Before sharing the recipe, I thought I’d break up all the text with a photo of Max. He was so proud to be allowed to use a knife for buttering his bread. We are on Spring Break here and I took the boys out to The Cheesecake Factory for lunch. Dallas wanted to know what the white things were. After explaining that they were cloth napkins, Dallas let me know that we were at a really fancy restaurant and he felt like Sofia the First.
- For the brine:
- 1 tablespoon red pepper flakes
- 2 tablespoons boiling water
- 4 cups apple cider
- 2 cups cool water
- ¼ cup kosher salt
- ¼ cup firmly packed dark brown sugar
- 4 garlic cloves, minced
- Six 1½-inch-thick pork rib chops (8 to 10 ounces each)
- For the seasoning blend:
- 2 tablespoons mild chili powder
- 2 tablespoons mustard powder
- 1 tablespoon garlic salt
- 1 teaspoon finely ground black pepper
- 1 teaspoon cayenne pepper
- For the dressing:
- ½ cup extra-virgin olive oil
- Juice of 1 lemon
- 3 tablespoons coarsely chopped flat-leaf parsley
- 1 tablespoon honey
- 1 medium shallot, peeled and finely grated
- 1 small garlic clove, minced
- ¼ cup canola or vegetable oil
- 8 tablespoons (1 stick) unsalted butter, melted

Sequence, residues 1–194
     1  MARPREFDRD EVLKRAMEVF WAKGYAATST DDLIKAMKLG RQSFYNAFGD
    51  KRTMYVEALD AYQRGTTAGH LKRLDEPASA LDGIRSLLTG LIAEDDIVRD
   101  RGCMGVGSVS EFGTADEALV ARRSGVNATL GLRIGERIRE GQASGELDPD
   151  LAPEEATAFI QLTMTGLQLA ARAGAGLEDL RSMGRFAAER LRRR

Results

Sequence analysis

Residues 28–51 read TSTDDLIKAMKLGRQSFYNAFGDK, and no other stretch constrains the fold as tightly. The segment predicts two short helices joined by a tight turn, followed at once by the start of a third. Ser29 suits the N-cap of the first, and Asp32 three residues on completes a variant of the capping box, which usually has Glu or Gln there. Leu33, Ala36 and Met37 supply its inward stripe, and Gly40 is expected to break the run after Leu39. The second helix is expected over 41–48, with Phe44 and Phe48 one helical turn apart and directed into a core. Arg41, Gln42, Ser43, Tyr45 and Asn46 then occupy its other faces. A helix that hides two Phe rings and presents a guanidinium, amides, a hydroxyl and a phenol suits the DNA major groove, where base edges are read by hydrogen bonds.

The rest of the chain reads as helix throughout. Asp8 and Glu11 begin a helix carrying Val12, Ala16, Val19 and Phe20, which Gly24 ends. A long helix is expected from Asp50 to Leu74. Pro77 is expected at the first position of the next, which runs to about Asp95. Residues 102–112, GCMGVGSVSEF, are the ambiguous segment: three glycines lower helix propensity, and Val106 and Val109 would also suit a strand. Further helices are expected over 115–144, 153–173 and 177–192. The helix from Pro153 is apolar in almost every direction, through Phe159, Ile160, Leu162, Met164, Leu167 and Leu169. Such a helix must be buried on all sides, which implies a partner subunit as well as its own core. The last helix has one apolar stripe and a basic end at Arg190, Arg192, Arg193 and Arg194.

- 1 bunch thyme sprigs, tied together in a bundle
- Fleur de sel or kosher salt
- Finely ground black pepper
- In a large bowl, combine the red pepper flakes and boiling water. Let sit for 1 to 2 minutes to rehydrate the flakes. Add the cider, cool water, salt, brown sugar and garlic. Stir until the sugar is dissolved.
- Place the chops in an extra-large food-grade zip-close plastic bag (or divide between 2 large bags). Pour the brine over the chops, squeeze out any excess air, then seal the bag and refrigerate for at least 12 hours, or up to 1 day.
- When ready to cook, heat one grate of a well-oiled charcoal or gas grill to medium-high and the other to medium-low.
- To make the seasoning blend, in a small bowl mix together the chili powder, mustard powder, garlic salt, black pepper and cayenne. Set aside.